By Andrew Henry
For the last several months, I have been arguing that Result-Driven Accountability holds the key to improving special education outcomes. In a series of posts, I’ve set forth a vision for how state education agencies (SEAs) can adopt a results-driven approach to special education compliance monitoring, leading to real improvement gains in schools.
Many of the suggestions I’ve made to this point involve changes in how SEAs typically interact with the school systems they support. In this post, I’ll describe two final aspects of Results-Driven Accountability that have to do with rethinking how SEAs organize their structures to serve the needs of students more effectively.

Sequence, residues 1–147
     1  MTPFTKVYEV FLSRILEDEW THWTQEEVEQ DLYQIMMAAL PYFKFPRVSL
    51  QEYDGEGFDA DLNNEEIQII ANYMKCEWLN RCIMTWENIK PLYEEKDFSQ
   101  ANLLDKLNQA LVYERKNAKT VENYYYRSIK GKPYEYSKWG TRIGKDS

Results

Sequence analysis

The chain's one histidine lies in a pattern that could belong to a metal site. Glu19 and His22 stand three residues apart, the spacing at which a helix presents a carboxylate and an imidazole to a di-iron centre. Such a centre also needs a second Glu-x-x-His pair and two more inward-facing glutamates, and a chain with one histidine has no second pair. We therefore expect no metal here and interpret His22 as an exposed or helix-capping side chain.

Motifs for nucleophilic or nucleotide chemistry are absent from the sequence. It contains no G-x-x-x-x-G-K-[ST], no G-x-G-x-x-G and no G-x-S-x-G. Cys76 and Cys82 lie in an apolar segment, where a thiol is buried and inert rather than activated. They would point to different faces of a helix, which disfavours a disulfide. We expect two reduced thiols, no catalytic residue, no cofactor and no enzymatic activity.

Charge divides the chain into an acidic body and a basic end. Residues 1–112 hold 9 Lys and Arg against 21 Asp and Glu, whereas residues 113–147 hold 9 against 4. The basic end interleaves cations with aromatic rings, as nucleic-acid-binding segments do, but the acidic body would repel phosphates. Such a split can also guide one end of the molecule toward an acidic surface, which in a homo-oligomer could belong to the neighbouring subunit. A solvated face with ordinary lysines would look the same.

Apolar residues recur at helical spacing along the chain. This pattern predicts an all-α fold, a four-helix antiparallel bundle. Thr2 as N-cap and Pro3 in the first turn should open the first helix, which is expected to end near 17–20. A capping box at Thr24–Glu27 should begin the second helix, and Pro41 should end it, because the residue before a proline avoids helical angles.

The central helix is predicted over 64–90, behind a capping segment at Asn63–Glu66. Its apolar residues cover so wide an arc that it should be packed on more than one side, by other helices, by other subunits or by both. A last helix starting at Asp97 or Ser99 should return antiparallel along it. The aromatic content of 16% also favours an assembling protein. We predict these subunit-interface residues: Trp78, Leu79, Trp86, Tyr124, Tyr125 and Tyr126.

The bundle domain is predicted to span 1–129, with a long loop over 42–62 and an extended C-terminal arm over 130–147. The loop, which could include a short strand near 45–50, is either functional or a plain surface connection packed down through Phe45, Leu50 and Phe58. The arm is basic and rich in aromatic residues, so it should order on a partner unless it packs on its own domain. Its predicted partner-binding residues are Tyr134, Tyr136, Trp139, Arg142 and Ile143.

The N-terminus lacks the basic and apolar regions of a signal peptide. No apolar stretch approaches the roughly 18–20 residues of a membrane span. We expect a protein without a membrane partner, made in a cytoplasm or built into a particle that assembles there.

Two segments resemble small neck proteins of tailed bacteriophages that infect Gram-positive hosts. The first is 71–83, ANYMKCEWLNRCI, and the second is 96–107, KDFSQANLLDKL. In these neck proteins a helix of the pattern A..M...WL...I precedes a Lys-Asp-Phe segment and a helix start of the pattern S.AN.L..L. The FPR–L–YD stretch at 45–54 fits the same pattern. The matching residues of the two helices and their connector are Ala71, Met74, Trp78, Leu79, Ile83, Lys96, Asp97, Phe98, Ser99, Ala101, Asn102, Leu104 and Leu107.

Within SEAs, it has become almost a cliché that much of the work happens in siloes—and the activities of one division might be a mystery to the division working right next door.
As state education agencies across the country developed plans pursuant to ESSA, the Every Student Succeeds Act, most were mindful of the opportunity to leverage the work already done through their SSIP, the State’s Systemic Improvement Plan. ESSA, the nation’s four-year-old education law, encourages states to develop systemic improvement plans that align general and special education performance goals. If a state chooses third grade reading as a general education performance indicator, for example, we’re now seeing this indicator appear in special education improvement plans as well.